Benefits of Using a Yoga Ball During Pregnancy and Labor

Use a birthing ball for pregnancy exercises and to ease labor pain

woman laying on birthing ball for exercise

When you’re pregnant, it may feel like aches and pains are taking over your body. It’s normal and expected.


Cleveland Clinic is a non-profit academic medical center. Advertising on our site helps support our mission. We do not endorse non-Cleveland Clinic products or services. Policy

A growing belly means it’s harder to move and sit comfortably. And as the fetus grows, it takes up more space. Your body adjusts, and pressure and stiffness set in.

Enter the birthing ball. A birthing ball can ease pregnancy discomforts and serve as a prop for pregnancy-safe exercises. And, as its name suggests, the big rubber balls are also helpful for every stage of labor.

“Birthing balls are so great for supporting your body during labor and helping you cope with the pain and pressure,” says nurse midwife Kelly Wilson, CNM. “They can really make a difference for an easier delivery.”

What is a birthing ball?

A birthing ball — also called a yoga, exercise or pregnancy ball — is a large, inflatable ball. They’re made of soft rubber and come in a few different sizes. The idea is yours should be the right size for you to sit on comfortably — with the bottoms of both your feet touching the floor and your knees bent at a 90-degree angle.

They’re common props in the gym, where people often use them for an added challenge in core exercises or pushups.

Then, there’s a type of birthing ball you won’t see at the gym. It’s more specifically used in pregnancy and labor. It’s called a peanut ball. It looks just like it sounds: Oval-shaped with larger bulbs on either end and a skinnier middle.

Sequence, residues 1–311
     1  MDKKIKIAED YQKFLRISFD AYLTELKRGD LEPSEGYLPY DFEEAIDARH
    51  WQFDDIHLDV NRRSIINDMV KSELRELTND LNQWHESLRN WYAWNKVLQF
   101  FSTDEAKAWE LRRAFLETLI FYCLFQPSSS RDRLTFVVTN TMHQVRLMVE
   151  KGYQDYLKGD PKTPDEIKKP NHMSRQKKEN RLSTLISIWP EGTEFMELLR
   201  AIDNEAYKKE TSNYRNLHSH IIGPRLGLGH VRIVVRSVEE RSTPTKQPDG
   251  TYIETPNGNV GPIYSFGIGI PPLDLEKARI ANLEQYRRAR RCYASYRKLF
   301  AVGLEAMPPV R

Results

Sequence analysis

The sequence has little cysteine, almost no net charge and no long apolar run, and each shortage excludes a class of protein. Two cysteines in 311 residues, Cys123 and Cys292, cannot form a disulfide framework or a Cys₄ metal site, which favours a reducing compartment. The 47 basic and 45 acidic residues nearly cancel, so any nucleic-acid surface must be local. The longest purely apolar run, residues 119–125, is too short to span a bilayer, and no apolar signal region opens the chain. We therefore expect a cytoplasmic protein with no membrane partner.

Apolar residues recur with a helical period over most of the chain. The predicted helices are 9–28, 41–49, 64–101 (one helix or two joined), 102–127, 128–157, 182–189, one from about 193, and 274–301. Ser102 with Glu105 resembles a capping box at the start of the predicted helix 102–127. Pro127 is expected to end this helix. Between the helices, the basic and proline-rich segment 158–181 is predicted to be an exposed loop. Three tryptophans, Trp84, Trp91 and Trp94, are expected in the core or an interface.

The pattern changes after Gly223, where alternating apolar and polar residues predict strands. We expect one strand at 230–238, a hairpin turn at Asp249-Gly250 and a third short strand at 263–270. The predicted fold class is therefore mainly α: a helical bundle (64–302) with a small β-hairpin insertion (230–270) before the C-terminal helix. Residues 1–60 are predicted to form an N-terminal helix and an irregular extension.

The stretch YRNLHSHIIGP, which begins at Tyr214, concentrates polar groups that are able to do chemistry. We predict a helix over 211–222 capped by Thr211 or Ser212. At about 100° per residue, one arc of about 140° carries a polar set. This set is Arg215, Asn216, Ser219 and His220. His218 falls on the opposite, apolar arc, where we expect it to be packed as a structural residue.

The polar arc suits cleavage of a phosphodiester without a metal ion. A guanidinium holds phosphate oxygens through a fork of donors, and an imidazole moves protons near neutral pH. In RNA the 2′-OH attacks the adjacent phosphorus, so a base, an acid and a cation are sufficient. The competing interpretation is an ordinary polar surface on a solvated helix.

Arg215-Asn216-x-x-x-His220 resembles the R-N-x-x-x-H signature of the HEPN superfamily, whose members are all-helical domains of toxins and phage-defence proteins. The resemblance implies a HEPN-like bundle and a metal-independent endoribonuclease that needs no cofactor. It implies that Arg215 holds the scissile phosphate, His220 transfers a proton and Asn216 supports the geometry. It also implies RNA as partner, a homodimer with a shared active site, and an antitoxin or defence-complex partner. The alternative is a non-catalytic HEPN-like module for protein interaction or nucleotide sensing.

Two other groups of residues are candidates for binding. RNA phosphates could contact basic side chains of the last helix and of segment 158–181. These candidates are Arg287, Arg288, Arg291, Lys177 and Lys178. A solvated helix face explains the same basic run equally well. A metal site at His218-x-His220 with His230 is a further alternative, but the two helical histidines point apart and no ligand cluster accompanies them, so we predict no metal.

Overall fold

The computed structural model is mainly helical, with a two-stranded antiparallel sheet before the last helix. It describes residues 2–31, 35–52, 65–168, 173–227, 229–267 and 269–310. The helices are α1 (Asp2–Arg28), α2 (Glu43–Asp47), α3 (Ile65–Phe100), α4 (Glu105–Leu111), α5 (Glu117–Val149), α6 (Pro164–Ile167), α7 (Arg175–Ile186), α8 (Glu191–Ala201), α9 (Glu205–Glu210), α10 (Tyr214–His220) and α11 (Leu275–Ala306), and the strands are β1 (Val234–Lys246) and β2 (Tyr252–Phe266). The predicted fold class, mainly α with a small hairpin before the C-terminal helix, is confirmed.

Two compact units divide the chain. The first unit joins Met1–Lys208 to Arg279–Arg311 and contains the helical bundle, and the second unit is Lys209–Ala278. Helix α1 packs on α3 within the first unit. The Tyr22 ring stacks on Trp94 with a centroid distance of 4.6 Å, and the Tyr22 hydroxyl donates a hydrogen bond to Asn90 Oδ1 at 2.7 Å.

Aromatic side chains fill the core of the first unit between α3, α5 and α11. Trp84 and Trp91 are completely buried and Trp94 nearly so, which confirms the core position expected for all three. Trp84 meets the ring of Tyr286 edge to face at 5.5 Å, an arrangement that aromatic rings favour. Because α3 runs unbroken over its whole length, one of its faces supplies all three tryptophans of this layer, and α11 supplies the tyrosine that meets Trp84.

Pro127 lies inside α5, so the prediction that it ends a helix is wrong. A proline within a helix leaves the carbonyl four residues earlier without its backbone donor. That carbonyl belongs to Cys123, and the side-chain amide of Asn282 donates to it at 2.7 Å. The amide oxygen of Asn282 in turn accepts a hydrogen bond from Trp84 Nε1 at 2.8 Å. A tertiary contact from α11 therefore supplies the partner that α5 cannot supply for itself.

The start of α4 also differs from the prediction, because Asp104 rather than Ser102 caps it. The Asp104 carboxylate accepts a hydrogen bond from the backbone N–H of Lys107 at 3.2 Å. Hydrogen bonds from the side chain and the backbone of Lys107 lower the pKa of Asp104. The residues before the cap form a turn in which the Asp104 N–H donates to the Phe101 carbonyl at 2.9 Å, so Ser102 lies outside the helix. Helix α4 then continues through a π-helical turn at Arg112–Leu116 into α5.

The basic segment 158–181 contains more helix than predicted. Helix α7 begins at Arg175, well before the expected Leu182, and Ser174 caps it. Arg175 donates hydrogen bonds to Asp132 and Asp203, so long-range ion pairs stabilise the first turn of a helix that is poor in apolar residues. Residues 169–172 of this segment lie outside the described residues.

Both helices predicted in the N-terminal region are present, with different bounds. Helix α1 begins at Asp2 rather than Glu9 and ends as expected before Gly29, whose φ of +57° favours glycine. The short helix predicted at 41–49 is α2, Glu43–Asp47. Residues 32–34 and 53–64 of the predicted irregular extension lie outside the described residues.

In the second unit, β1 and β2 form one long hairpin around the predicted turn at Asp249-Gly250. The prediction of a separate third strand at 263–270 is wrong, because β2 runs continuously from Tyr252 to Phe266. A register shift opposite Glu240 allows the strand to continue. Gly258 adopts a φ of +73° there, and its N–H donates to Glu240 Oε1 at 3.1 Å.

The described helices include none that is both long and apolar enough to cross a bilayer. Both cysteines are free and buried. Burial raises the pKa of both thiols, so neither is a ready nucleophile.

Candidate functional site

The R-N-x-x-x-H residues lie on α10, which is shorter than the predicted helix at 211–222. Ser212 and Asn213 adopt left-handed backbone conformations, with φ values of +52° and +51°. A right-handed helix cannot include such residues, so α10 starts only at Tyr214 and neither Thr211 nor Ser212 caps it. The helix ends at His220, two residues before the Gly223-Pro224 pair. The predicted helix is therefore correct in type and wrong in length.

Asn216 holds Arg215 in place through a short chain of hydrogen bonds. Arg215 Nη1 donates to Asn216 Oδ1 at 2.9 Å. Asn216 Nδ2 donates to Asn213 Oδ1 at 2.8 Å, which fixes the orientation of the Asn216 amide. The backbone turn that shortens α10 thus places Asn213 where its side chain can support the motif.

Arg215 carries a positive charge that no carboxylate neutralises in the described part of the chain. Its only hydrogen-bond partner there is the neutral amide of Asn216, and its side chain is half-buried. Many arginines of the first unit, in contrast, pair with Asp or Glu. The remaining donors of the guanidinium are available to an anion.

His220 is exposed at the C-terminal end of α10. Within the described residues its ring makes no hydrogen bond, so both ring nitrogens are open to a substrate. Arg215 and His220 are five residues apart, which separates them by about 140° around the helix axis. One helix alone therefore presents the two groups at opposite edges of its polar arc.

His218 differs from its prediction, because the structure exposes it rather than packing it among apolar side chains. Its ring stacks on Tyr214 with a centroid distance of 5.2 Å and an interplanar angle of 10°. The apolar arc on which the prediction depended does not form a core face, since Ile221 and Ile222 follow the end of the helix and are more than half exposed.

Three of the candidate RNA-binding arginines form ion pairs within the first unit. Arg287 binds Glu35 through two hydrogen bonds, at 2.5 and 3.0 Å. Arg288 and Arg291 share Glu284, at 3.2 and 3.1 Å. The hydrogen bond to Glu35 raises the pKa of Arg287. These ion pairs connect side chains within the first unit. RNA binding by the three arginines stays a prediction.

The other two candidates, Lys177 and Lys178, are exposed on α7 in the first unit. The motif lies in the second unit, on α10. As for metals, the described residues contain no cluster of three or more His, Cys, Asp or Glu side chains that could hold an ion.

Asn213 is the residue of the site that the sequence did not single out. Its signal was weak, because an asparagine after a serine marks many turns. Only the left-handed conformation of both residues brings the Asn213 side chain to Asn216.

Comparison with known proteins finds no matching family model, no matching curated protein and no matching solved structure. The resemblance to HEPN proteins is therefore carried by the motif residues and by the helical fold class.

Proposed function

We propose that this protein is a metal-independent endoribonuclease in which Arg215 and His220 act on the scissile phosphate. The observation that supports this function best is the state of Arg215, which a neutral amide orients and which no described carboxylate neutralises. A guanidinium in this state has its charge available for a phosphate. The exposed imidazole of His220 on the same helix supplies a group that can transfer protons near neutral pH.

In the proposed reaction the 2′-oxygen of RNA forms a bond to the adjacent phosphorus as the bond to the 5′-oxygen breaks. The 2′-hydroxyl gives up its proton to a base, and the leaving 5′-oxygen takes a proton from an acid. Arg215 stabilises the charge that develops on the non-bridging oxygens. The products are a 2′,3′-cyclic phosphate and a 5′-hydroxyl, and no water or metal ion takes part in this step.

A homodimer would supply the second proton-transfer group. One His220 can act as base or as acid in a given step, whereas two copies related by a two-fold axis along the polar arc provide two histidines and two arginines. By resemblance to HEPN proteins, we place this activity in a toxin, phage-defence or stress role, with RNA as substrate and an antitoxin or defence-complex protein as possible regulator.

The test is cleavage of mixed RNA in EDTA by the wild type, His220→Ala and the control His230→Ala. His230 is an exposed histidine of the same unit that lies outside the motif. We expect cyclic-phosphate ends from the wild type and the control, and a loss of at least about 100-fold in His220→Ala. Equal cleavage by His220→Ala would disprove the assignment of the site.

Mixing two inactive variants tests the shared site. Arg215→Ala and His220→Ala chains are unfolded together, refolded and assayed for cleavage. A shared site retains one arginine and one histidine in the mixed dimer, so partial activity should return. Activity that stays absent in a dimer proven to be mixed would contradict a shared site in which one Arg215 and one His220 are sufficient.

Benefits of a birthing ball

Birthing balls are useful tools throughout your pregnancy and even during labor. They can ease pain and pressure in your back, pelvic area and tailbone.

“During pregnancy, sitting on a birthing ball improves your posture and relieves pressure, which can help with aches and pains,” says Wilson. “Tilting your hips back and forth and side to side while you sit on the ball also keeps your hips and back mobile.” More mobility can mean less discomfort.


One study showed that birthing ball exercises during mid to late pregnancy reduced pain and fatigue in the waist. They also reduced the rate of episiotomy, a rare procedure where your provider makes a small incision at the bottom of your vaginal opening to help your baby come through more easily.

“During labor, a birthing ball provides support in various positions, as well as a lot of comfort,” says Wilson. Bouncing lightly and rocking your hips while sitting on the ball helps reduce and distract from pain.

In a study of people who had an epidural for pain relief during labor, using a peanut ball significantly decreased the length of labor. It also reduced the chances of needing a cesarean section (c-section).

How to use a birthing ball

When you’re in labor, your birthing ball can help ease discomfort as you prepare for delivery. You can try:

  • Sitting on the ball: Bounce or rock your hips to relieve pain. You can also lean forward and rest your arms on a chair or bed.
  • Lying over the ball: Kneel with the ball between your spread knees and drape your arms over the ball. Rest your head on the ball and let your belly hang.

A peanut ball can be especially helpful if you have to lie down during labor. Wilson suggests these positions with a peanut ball:

  • Lying on your side: Put the peanut ball between your legs for support.
  • Asymmetrical side-lying: Lie on your side and tilt your body forward as far as your belly will allow. Then, hitch your top leg up by your side in a bent position over the peanut ball. “These asymmetrical hip positions help the baby get through the pelvis,” Wilson explains.

When to start using a birthing ball

You can use a birthing ball at any point in pregnancy or labor as long as you can do it comfortably.

And there’s no need to wait to try it out.